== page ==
Rudder returns home after successful conservervation procedure

275-GTM-ANCHORThe Guana Tolomato Matanzas National Estuarine Research Reserve reported to Historic City News that they recently received an old ship rudder from the St. Augustine Lighthouse & Maritime Museum, which is now on display at the GTM’s Environmental Education Center.

This rudder, which was the primary steering mechanism for a large ship, is 12 feet long and weighs over several hundred pounds.

“In 2005, this piece of shipwreck was uncovered on a Vilano Beach shore, just three miles from the reserve,” said Michael Shirley, director of the GTM Research Reserve.

Archaeologists suggest that it dates back to the late 18th or early 19th century. Chuck Meide, director of the Lighthouse Archaeological Maritime Program, suggested that the burn marks near the top of the rudder could indicate it was lost during a ship fire.

The GTM Research Reserve sent the rudder to the St. Augustine Lighthouse & Maritime Museum in 2006 to undergo a conservation procedure that installed a system of tubes used to funnel a wood adhesive into the rudder to hold it together.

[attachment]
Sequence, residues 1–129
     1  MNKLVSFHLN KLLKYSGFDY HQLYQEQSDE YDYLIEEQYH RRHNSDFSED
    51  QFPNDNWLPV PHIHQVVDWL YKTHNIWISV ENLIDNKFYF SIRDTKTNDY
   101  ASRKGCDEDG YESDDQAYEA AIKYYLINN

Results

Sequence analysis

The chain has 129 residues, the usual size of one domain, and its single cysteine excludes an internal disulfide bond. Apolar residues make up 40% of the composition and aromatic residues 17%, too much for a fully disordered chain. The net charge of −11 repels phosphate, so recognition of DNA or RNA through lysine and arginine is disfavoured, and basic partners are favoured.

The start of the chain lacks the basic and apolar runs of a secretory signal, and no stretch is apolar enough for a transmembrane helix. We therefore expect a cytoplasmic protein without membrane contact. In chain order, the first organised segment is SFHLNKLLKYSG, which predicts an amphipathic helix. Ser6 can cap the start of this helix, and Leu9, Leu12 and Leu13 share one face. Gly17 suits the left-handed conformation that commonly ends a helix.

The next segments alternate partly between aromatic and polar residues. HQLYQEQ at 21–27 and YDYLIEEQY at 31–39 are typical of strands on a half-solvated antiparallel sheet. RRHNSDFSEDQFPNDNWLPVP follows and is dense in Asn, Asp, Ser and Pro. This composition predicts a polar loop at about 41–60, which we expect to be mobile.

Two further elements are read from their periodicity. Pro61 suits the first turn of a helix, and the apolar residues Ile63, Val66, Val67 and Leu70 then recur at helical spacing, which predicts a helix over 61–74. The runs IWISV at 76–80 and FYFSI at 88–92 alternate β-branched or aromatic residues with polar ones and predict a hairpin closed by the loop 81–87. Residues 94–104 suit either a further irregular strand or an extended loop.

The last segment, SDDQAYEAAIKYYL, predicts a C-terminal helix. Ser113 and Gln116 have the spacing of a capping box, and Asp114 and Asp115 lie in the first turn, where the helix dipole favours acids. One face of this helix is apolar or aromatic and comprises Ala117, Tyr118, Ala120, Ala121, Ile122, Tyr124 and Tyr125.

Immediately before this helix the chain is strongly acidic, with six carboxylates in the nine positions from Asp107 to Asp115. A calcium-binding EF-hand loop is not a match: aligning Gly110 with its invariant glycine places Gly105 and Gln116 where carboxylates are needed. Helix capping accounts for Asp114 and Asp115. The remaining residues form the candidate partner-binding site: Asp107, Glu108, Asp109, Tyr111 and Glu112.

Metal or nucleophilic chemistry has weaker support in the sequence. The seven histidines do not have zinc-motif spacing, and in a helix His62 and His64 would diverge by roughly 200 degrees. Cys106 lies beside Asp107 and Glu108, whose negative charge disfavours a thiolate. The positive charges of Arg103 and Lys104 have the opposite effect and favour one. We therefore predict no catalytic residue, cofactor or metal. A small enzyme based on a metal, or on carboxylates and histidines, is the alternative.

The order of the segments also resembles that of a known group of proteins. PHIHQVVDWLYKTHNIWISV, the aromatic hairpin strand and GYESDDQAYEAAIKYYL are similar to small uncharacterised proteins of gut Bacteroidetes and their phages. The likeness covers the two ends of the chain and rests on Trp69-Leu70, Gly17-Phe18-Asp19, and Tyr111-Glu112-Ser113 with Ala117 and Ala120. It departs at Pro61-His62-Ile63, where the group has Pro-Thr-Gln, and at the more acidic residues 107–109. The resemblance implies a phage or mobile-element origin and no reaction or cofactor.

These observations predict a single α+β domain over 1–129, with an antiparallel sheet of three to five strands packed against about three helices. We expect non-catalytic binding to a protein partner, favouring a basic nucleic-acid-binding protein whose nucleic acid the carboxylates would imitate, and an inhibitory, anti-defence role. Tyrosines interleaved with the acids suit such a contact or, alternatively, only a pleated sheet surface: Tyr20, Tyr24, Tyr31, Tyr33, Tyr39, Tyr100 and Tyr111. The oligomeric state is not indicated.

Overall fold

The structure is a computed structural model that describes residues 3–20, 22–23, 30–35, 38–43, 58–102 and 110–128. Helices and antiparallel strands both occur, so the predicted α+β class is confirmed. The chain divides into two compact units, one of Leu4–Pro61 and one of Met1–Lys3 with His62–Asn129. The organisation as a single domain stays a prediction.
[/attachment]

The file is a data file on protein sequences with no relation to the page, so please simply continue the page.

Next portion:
The rudder has been returned to the GTM Research Reserve to make room for a new maritime research and education facility at the St. Augustine Lighthouse and Maritime Museum. Future reserve plans include building an interpretive display near the rudder featuring a description and historical information.

The Reserve is managed by Florida Department of Environmental Protection’s Florida Coastal Office, in partnership with the National Oceanic and Atmospheric Administration. The Environmental Education Center is located at 505 Guana River Road, Ponte Vedra Beach, Florida, 32082.

Comments